Now you look at this and it is hard to tell whether it is the right or wrong size as bad patterns also come into play with gaping and fit issues.
When starting my brand I realized this phenomenon, and the fact that most men wear their loafers a half size down, or more, to their oxfords. This does not make logical sense if you wear your shoes in the correct size. But it’s the case for most so in the hopes to minimize online sale returns I decided to vanity size my loafers by stamping a half size larger than the actual last that it was made on. So if it stated US11, it was actually made on a US10.5 last. Then told most people that we cut the loafers somewhat snug and suggest sticking with your traditional oxford size unless you wear them very snug then to size up. For 90% of people, this works. This goes to show how many are wearing their oxfords on the loose side.

Semi-flat feet with skinny ankles give an impression of looseness but no real excess space except the outer heel, forefoot snug as you can see how I press out the sides.
This is especially the case in America where we have this notion that everything should be cushioned, comfortable, loose, and feel like nothing. But that is not how dress shoes are intended to be. They are not Nikes. They are supposed to be hugging, supporting, well-fitting, and to be honest, stiff in the beginning. It’s not mesh. It’s leather. Your dress shoe should hug your forefeet, support your arch, grip your heels, and ultimately fit like a snug glove and not like an oversized shirt. The reason being is that you will ultimately gain 1/8-1/4 of size after the break-in. So, that snug, new shoe will ultimately fit perfectly after the leather softens and you sink into the footbed. But if you get them already too loosey-goosey and then the break-in occurs what you are left with is an ill-fitting, sloppy shoe that is not truly supporting your feet. And that, at the end of the day, is not only bad for your support but just looks terrible.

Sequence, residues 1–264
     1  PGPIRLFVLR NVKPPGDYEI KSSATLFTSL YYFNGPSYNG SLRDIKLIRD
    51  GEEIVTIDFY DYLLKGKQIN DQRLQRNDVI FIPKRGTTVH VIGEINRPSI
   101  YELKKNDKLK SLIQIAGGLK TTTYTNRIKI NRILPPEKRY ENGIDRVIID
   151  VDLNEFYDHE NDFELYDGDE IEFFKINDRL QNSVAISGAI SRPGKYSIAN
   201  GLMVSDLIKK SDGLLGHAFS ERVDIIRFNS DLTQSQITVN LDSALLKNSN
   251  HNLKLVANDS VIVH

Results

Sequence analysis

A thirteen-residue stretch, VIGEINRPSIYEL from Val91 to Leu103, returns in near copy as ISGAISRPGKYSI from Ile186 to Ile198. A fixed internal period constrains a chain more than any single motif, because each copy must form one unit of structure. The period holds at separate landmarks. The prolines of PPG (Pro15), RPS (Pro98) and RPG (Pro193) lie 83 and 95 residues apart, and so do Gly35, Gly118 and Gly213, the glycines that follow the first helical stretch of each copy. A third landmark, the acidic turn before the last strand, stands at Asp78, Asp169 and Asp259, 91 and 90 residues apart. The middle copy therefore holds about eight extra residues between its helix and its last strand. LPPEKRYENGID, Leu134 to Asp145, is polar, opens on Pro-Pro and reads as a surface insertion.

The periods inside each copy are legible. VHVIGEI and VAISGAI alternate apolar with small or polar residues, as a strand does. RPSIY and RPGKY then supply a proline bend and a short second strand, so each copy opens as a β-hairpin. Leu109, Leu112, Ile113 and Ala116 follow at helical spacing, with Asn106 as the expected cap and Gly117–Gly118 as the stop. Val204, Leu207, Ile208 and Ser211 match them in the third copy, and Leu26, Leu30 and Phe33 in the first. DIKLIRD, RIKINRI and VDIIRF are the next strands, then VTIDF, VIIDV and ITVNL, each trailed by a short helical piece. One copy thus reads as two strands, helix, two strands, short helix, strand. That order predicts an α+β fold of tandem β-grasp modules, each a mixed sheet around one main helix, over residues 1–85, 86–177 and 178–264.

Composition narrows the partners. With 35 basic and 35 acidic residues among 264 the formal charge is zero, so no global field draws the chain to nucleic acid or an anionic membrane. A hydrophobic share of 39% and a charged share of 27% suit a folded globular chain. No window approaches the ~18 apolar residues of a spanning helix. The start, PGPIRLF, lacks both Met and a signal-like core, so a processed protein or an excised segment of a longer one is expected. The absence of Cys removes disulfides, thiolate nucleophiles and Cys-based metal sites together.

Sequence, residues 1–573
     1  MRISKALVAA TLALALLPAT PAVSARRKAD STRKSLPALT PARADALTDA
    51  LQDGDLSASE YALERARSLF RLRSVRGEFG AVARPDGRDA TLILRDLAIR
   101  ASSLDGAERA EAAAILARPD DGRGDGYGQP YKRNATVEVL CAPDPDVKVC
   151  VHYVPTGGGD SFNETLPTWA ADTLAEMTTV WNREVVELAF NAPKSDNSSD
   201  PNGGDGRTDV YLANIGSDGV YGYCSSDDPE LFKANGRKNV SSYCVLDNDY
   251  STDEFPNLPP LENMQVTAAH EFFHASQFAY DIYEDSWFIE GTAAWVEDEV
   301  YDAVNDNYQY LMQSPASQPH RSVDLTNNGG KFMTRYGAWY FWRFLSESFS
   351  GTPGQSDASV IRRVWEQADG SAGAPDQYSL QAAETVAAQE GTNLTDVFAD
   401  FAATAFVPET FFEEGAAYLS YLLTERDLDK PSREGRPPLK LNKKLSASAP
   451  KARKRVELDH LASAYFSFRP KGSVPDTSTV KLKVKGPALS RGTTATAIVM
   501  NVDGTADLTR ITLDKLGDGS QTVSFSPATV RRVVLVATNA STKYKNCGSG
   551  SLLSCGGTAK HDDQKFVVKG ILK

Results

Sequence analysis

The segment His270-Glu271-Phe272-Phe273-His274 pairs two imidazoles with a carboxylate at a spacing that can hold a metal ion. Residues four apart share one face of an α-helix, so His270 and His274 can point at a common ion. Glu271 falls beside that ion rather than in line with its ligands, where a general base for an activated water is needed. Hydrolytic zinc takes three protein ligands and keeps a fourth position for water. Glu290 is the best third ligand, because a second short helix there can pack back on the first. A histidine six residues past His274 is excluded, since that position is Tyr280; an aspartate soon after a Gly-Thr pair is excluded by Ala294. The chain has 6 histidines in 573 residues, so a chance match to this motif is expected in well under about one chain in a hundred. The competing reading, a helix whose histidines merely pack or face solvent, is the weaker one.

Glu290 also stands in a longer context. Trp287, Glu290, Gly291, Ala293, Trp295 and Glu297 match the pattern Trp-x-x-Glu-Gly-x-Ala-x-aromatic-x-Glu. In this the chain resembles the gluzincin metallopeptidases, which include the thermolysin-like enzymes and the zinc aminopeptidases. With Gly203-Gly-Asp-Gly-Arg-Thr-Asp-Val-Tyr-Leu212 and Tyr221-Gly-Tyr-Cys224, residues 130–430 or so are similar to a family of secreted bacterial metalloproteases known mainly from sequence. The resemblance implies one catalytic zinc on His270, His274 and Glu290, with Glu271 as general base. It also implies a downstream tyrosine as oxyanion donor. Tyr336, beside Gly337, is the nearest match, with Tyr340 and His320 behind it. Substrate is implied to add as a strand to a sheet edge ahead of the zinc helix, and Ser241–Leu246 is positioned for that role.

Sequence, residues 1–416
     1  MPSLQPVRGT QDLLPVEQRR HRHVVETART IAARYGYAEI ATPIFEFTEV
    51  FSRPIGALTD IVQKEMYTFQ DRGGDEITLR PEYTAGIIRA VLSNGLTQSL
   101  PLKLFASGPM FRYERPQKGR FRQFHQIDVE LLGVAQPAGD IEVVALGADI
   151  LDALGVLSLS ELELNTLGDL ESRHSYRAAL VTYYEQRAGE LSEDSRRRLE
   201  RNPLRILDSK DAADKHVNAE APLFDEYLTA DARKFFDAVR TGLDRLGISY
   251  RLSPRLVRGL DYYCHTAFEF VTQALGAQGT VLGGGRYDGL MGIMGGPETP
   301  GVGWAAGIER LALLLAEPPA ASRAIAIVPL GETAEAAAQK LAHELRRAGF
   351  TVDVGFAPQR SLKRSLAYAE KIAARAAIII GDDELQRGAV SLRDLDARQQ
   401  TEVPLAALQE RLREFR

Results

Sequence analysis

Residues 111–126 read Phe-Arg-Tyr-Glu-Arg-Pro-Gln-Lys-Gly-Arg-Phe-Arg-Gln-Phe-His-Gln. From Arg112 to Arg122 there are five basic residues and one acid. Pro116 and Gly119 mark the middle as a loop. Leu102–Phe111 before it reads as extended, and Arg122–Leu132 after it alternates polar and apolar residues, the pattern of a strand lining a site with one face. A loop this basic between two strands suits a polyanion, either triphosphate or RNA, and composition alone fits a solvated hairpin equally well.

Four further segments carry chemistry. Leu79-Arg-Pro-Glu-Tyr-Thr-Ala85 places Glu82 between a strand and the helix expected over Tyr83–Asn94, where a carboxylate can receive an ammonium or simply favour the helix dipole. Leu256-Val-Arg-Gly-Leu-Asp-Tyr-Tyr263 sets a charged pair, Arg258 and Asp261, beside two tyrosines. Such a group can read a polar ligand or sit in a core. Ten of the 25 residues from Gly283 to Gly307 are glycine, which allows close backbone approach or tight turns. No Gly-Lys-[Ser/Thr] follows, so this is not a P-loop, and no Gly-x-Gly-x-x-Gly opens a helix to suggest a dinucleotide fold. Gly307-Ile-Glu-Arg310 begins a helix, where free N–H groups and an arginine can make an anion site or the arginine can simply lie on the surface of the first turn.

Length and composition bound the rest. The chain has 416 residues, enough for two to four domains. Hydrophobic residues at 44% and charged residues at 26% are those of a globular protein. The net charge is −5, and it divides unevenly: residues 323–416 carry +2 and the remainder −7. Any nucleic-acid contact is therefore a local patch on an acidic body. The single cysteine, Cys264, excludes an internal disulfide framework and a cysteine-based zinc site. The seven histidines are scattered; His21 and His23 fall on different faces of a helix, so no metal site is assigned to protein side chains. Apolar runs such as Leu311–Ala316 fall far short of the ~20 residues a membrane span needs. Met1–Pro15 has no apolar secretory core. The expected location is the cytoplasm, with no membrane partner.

If you feel that your broke in dress shoes are pretty sloppy, I invite you to take the next size down on your next purchase. There will be some potentially new sensations in the break-in period on the new shoe, but once that is over, it will fit miles better and you will feel better. And naturally, look better!
there should be little to no gap at the back. Again this will also depend on how thin/thick one’s heels are.

4 thoughts on “How Dress Shoes Should Fit”

  1. Another factor is that men convert directly from athletic sneakers to dress shoes and take the same size. I am an 8.5US on Brannock, but a 9 in New Balance. I think I was 9.5 in Nike back when I wore them. Yet, in most dress shoes I’m a 8.5. If I bought a 9 for my first pair I would think they weren’t comfortable despite being the same as my sneakers.

    1. Justin FitzPatrick

      Indeed and do so while wearing their athletic shoes with athletic socks and then attempting to use dress shoes with dress socks and seeing almost a size difference